Some hotels have a heritage from the golden age of steam railways and ocean liners; before the Second World War, in the 19th or early 20th centuries. These hotels were where the rich and the famous of the day would stay. They have an appeal all their own: old fashioned fittings, the lack of the latest amenities, and a certain graceful agedness. They are often in superb locations, either smack in the middle of cities – very often being next to a major railway station, as they were often constructed to house railway travelers – or close to major outdoor attractions. For this article, we also include numerous mid-20th century hotels that are iconic and historically significant.
|“||I stayed in a really old hotel last night. They sent me a wake-up letter.||”|
Even today such places generally offer fine accommodation and are usually not cheap, though more modern high-end places may be even more luxurious and are often more expensive.
- The Leading Hotels of the World. This is an association, primarily for marketing, with over 400 member hotels in many countries. It includes many of the grand old hotels, but also many newer luxury hotels.
A traveller with piles of money might consider a round the world flight, broken up with stays in many of these hotels. Travelling around the world overland, on routes such as the one taken in Around the World in Eighty Days, would give a more authentic experience of pre-flight travel.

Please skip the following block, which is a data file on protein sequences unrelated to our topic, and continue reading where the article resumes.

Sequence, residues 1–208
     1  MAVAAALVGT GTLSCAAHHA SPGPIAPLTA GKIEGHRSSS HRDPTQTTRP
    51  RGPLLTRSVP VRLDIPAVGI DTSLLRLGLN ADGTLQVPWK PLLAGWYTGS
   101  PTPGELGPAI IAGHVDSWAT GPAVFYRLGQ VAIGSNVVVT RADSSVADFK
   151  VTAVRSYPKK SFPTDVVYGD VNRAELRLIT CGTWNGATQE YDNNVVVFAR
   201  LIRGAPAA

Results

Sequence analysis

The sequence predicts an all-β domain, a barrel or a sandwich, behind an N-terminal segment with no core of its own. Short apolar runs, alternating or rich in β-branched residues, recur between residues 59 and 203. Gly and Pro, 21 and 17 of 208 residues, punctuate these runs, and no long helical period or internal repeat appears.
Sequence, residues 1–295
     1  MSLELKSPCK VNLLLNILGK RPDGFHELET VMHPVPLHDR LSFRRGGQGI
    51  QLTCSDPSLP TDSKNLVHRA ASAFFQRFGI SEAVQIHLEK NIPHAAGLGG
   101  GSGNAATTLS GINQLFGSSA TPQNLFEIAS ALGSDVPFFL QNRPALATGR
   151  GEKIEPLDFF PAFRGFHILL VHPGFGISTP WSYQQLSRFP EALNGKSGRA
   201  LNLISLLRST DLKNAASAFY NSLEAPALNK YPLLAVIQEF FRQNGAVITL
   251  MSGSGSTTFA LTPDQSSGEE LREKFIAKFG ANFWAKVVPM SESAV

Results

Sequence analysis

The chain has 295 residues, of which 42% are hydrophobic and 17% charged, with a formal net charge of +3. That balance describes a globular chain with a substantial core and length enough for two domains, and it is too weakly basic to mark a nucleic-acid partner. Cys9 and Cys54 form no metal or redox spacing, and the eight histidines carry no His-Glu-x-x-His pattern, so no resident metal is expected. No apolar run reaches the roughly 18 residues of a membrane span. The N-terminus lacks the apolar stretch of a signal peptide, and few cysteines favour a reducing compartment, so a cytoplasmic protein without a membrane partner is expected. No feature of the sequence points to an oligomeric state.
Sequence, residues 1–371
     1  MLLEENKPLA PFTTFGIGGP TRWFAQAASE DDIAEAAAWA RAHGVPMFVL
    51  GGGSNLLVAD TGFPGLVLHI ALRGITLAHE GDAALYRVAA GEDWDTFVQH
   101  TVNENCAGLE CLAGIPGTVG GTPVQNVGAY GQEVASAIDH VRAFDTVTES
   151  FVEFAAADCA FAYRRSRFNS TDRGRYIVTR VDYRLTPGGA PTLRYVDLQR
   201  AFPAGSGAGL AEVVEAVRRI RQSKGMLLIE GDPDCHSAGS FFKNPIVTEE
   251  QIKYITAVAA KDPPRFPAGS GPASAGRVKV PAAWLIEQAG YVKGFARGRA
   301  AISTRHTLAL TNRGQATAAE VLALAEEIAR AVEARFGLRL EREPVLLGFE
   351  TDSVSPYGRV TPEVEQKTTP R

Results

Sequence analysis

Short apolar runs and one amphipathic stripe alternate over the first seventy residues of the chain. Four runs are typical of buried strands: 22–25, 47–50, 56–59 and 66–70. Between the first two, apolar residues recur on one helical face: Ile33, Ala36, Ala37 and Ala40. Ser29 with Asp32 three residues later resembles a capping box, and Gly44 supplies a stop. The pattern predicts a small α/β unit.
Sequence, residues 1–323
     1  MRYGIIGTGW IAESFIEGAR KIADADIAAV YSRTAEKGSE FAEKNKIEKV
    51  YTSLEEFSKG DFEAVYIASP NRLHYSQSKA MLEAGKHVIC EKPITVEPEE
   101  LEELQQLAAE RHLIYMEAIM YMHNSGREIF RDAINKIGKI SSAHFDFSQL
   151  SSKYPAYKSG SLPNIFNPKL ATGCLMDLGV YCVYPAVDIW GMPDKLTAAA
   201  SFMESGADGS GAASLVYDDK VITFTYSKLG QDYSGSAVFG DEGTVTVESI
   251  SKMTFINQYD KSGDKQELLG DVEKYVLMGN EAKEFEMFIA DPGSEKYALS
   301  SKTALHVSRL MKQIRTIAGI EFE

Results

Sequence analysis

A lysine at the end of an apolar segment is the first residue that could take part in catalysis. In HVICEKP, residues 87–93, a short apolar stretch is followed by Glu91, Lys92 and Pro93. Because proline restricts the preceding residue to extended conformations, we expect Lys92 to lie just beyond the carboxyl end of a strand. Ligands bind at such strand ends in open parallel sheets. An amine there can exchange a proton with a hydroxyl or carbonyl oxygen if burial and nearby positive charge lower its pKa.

While the grand old hotels are usually privately owned, they sometimes accommodate visiting heads of state and other dignitaries.
You need not stay in such hotels to enjoy some of their services. Many have fine dining and nightlife, as they had in the days of yore, and gambling if local law allows. A visitor to Singapore, for example, might go to Raffles just for a Singapore Sling at the Long Bar where it was invented, and where Rudyard Kipling and Noel Coward once drank, and check out the Billiard Room where Singapore's last tiger was shot.
As the buildings are old, they might be less accessible for travellers with disabilities. In most cases, the staff will be helpful for guests who need assistance.
Grand old hotels tend to have a 4- or 5-star rating. Due to their legacy, they can cost more than similiarly-rated hotels.
Democratic Republic of Congo
- 2 Cecil Hotel (Alexandria).
- 3 Marriott Hotel (Cairo). originally the "Al Gezira Palace" built to house Napoleon's wife, Empress Eugenie of France
- 4 Mena House Oberoi (Giza).
- 5 Winter Palace (Sofitel Winter Palace) (Luxor). The discovery of Tutankhamen's tomb was first announced on their bulletin board.
- 6 Cataract Hotel (Sofitel Legend Old Cataract Aswan) (Aswan).
- 13 Hotel de La Poste (Saint-Louis). Made famous as a stopover for pilots from Aéropostale, France's colonial airmail company. French aviator Jean Mermoz spent his last night here before disappearing in the Atlantic on December 7, 1936.
- 1 The Peninsula (Hong Kong, China). Kowloon side, by the ferry dock and right at the foot of Nathan Road, a major tourist street. Famous for serving high tea in Victorian splendor.
- 2 Beijing Hotel (Beijing, China).
- Shanghai has several fine hotels built in the Art Deco style in the city's glory days, the 1840s to the 1930s: